It's been a dream of rail enthusiasts for decades. A high-speed rail line between Southern California and San Francisco. Total time to travel the 500 or so miles, two hours and forty minutes.
Planning started in 2008 when state voters approved a $10-billion high-speed rail bond.
Then on Thursday federal officials announced that the state's share of the eight billion dollars allotted for high-speed rail projects would be $2.35 billion, the highest share of any state in the country.
State officials say the money will move California much closer to its goal of constructing 800 miles of high-speed rail and will quickly create thousands of jobs.
The first phase of the state project will extend about 500 miles, from San Francisco to Anaheim. The vast majority of the federal funding to be announced Thursday will help finance the design and construction of four sections: Los Angeles to Anaheim, San Francisco to San Jose, Fresno to Bakersfield and Merced to Fresno.
The trains would travel up to 220 miles per hour. Construction could begin in late 2011, and the project would take a decade to complete.
But the first phase alone is projected to cost nearly $43 billion, far short of the federal allocation, and the bond measure combined.
How much more California could receive for high-speed rail is unclear because of Obama's proposal to freeze non-defense spending to trim the deficit, the L.A. Times reported. But an administration official, who requested anonymity when discussing White House plans, said that in addition to the stimulus funds, Obama remained committed to seeking $5 billion over five years for high-speed rail projects.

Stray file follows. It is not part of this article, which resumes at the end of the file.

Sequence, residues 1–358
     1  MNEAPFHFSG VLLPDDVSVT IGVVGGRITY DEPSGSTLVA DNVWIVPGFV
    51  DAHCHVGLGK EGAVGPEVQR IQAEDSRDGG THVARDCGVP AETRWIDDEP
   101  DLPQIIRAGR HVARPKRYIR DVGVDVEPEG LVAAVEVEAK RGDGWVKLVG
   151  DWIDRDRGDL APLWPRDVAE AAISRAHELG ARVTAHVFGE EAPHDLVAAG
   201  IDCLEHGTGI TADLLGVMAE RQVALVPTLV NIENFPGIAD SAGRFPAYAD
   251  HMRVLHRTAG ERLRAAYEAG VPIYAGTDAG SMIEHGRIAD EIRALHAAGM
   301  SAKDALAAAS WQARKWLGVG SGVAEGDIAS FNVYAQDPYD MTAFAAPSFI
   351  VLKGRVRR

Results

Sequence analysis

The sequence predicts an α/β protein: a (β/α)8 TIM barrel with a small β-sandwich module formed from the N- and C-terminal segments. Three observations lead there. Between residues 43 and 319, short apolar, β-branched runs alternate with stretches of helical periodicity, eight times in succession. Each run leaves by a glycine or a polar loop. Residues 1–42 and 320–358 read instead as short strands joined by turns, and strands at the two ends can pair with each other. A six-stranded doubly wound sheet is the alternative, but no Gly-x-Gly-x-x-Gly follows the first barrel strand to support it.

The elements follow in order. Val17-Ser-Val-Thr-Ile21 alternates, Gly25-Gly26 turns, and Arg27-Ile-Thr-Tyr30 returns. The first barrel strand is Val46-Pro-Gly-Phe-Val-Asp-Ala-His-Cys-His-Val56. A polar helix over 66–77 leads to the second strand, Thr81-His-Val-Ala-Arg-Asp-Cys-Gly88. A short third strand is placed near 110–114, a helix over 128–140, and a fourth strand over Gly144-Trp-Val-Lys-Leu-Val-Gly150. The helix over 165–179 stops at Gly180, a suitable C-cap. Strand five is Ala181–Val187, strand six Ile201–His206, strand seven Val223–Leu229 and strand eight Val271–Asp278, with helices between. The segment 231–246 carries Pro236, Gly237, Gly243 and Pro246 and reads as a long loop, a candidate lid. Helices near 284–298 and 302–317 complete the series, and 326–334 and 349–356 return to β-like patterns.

About $100 million more in federal funding will come to California for other rail improvements, including new tracks and crossovers to increase train speeds between Los Angeles and San Diego, according to the L.A. Times.
Still, state and federal officials are convinced that the money already allocated mean jobs for Southern California.
"This announcement is a huge win for California,'' said Democratic Sen. Barbara Boxer. ``This federal investment will create tens of thousands of jobs across California, reduce air pollution and congestion on our roads, and help us build a cleaner, more efficient transportation system."
Democratic Sen. Dianne Feinstein said the California High-Speed Rail Authority estimates that every $1 billion spent on high-speed rail creates 20,000 jobs, ``and I can't overstate how important this is to a state with 12.4 percent unemployment and more than 2.25 million people out of work.''